Furthermore, almost 42% of Pakistan is now urban. Rural-urban migration has been intense. The context of cities, the terms of engagement required in city life force people into new ways of thinking. City life is based on a mentality of modernity which breaks away from traditional ways of life. In fact for one purpose or the other the population of Pakistan has been in constant flux, in constant movement. Begin five thousand years ago or begin a hundred years ago the story in one of constant influx and outward movement. Begin only sixty years ago then from partition till present day, the migrations, immigrations and movement internally have been immense. Rural to urban, and then outward, look at the number of Pakistanis working overseas. Traveling back, and forth from their places of work, to their family homes, in Pakistan. This change requires breaking from existing norms and traditions, adapting to new ways. This region is a mass of people constantly in transition. Constantly reinventing themselves. The people of this region are thoroughly modern.
By modernity I mean new and breaking from the past, this does not necessarily have a positive or negative meaning. The hijab in Pakistan is an indicator of modernity. As in my mother’s generation the burqa symbolized modernity, because it indicated that a woman had to step out of her home, the hijab today too indicates a higher mobility of women. As long as it is a matter of choice, the hijab remains modern. The moment it is worn or taken off at gun point or other threats it becomes something quite different. Look around you, what a large number of hijabs one sees, in offices, on buses, on the streets, in schools, in colleges, at hospitals. Don’t look at the head dress, count the heads. So many women, in the public space! A very different group that before had little access is making its way now into the forums of jobs and decision making. This is good!
The visibility of women in public spaces is higher than ever before. There are more women going to work, at schools, banks, hospitals, business offices and factories then ever before. There are more women in parliament then ever before. Look at the number of women in the parliament in Peshawer. Incredible! The hijab in Pakistan is a westernization coming from France, Germany, Indonesia, Malaysia and Turkey it is a process— not permanence. It has assured and eased women’s mobility in the middle income groups and allows a culturally acceptable route to working in public spaces. As a fashion issue, it allows women coming from culturally conservative backgrounds a bridge for mobility, linking rural and urban sensibilities and east and west. And perhaps it allows women familiar with the west a way of experimenting and defining their melded identity. Who knows? The Human Development Report in July 2003 may offer up an economic explanation. It indicates that women in cities must work in order to make ends meet in household expenditures. The hijab perhaps allows urban women to work in a culturally acceptable way. As people adapt to women working there will be changes in what they consider as acceptable behavior. As long as this is a choice and not an imposition, it doesn’t matter. No condition is static. South Asia has always been a cross-roads a land of rivers and a flow of people, it has no room for stasis. That is the way of South Asia, this is the way of Pakistan and its modernity.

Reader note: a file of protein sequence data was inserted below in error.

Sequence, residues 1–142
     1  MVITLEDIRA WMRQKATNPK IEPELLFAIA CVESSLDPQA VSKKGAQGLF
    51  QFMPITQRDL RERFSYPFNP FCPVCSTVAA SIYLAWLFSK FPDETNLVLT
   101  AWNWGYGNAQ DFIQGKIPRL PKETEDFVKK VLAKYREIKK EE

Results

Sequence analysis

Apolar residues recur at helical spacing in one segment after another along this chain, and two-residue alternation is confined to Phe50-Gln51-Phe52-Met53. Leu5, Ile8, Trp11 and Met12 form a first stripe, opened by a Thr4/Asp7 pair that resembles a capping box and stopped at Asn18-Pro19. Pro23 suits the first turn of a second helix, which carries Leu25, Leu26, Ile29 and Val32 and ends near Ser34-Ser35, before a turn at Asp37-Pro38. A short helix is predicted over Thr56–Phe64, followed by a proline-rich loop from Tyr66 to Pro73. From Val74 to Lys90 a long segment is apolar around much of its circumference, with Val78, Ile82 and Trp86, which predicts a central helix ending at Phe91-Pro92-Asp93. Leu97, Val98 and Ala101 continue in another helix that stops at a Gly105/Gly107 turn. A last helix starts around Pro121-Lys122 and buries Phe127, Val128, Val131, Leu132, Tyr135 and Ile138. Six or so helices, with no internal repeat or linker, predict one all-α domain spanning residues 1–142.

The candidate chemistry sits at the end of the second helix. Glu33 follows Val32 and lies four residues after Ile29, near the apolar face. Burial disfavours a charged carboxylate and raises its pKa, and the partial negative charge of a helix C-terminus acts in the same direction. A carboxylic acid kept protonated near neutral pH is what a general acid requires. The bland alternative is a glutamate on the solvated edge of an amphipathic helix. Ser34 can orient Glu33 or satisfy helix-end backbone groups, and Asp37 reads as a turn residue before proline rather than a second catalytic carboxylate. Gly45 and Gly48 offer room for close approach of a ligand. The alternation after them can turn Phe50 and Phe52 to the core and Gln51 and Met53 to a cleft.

Pakistan has grown much more than other low-income countries, but has failed to achieve social progress commensurate with its economic growth. While infant mortality and female illiteracy rates declined by 73 and 60 percent, respectively, from 1960 to 1998 for countries that grew at about the same rate in Pakistan the declines were of the order of 43 and 20 percent, correspondingly.
Clearly, Pakistan is not the State of education, with 65% men and 70% of the women being illiterate. There are also significant gender gaps in both literacy and health status in Pakistan. While the male population completes an average of five years of schooling, the female population in Pakistan completes only two and a half years. The enrollment rate for boys is 77 percent as opposed to 60 percent for girls. 40% of Pakistan is literate compared to 64% for countries with similar per capita incomes. Why is that so? For starters, the State commits less than 3% of GNP as its expenditure on education per year. The private sector is taking up where the State absconds from doing. In Pakistan today an estimated 23% of primary enrollments 17% of secondary education enrollments are in private sector schools. These numbers exclude madrassas. The reality remains that the State has failed in its responsibility to its people.
In Pakistan, we have a dysfunctional and discriminating system of rule which is enabled and held together because of illiteracy. We must reverse the rule of illiteracy. Today, about 90 million of our fellow Pakistanis can’t read at all. Today, 24.5 million Pakistani children, don’t go to school at all in Pakistan. This is the situation now; today. Here is how much it costs to send a child to school in Pakistan per year: Six thousand rupees Rs. 6000. For those earning abroad, that’s about US$100. Included in this are the costs of text books; a snack at school; clothes; cost of the teacher; class room maintenance; and transportation. These are costs which are a composite of costs put together from estimates by leading NGOs in the field of education in this country. US$100 to send a kid to school! The good news is that NGOs and the private sector have been fighting the good fight against illiteracy and making in roads and we can strengthen their hand.